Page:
Innovation

Why GM's year-old, millennial-focused rideshare Maven is already oversubscribed

On Monday at the 2017 North American International Auto Show, the head of GM's new 'personal mobility' brand Maven explained why it has grown beyond expectations.

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Julia Styn, the head of startup Maven, explains the company's success at the 2017 North American International Auto Show.

Image: Hope Reese/TechRepublic

At the 2017 North American International Auto Show (NAIAS) in Detroit, one theme is clear: The transportation industry is undergoing a radical shift.

Instead of single-person ownership, automakers like Ford, GM, and Tesla, as well as tech companies like Uber and Lyft, see their future in "mobility"—often, in the form of rideshares.

GM has made a special investment in mobility in its purchase of startup Maven—a service in which people can find and book a car through an app. At NAIAS, the head of Maven, Julia Styn, talked about this critical development for GM, and why it's been so successful.

Maven provides on-demand cars—every model from a Bolt to a Corvette to an Escalade—to drivers via an app. It is a response to urban growth and the need for mobility as a service, Styn said. It's meant to develop a new customer base for GM, so it is geared towards millennials—many of whom don't hold the same ideas, or have the same means, of auto ownership as the previous generations. Seventy-eight percent of Maven users are millennials, she said, and the average age of a Maven user is 30. And Maven is built on a single premise: People trust people. So it relies on influencers, Styn said.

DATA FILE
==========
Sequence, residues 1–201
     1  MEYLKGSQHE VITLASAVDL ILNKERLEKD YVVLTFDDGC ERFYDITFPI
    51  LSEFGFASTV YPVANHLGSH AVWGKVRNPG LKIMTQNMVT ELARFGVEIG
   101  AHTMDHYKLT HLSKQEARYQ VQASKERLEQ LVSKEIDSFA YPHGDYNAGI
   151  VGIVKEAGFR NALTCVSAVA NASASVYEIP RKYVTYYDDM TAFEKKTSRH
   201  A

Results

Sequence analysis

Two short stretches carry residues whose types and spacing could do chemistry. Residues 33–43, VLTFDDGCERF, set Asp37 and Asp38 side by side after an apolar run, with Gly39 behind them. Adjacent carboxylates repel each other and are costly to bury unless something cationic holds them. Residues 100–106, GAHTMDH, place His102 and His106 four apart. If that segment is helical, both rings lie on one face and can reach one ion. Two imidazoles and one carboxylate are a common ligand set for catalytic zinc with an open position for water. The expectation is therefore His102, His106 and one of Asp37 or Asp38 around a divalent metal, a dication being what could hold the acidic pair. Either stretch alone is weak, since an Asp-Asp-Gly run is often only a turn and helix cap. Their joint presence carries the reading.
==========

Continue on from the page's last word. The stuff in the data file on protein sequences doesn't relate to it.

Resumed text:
SEE: 'AI as co-pilot': The state of autonomous driving, from the auto world's headquarters in Detroit (TechRepublic)

The business model follows a simple format, allowing people to access a vehicle via a phone alone—without "burdens" like membership fees or cards, access to parking, or insurance. "We provide fun without friction," Styn said. Additionally, Maven is intended to cater to millennials by "bringing digital life inside the car," via 4G LTE Wi-Fi connectivity, and through Apple CarPlay and Android Auto apps. Maven also assures 24/7 customer service with the push of a button.

There are three branches to the startup: Maven Home, Maven City, and Maven Business. When it first got off the ground, Maven was available only to select residents who lived in exclusive car-sharing communities in Manhattan and Ann Arbor via Maven Home. There are currently 8,000 Maven Home users. It's been extended to "city" and "business" users as well. For Maven Business users, Styn said, the service is available in 12 cities, with an average of 34 days needed for a reservation. After being launched, it was quickly oversubscribed.

SEE: CNET Roadshow's full coverage of the Detroit Auto Show (NAIAS)

One big advantage of Maven Business, Styn said, is people who drive for Uber and Lyft can use it—without having to own a vehicle, which removes the overall cost of driving in wear and tear to the car and gas. In October 2016, GM and Uber announced a partnership, allowing Uber drivers to rent cars via Maven for $179 a week.

The 3 big takeaways for TechRepublic readers

  1. Automakers like Ford and Tesla are recognizing the importance of ridesharing programs in autonomous vehicle development. GM's Maven, a year-old rideshare, has had great success in implementing a rideshare system.
  2. Maven simplifies ridesharing by eliminating need for membership cards, parking spots, or insurance—all done through a mobile app—which could potentially simplify things for commuters.
  3. Maven offers three options: Maven Home, Maven City, and Maven Business. Maven Business, which gives Uber and Lyft drivers the chance to drive without owning a car, was quickly oversubscribed.

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About Hope Reese

Hope Reese is a Staff Writer for TechRepublic. She covers the intersection of technology and society, examining the people and ideas that transform how we live today.

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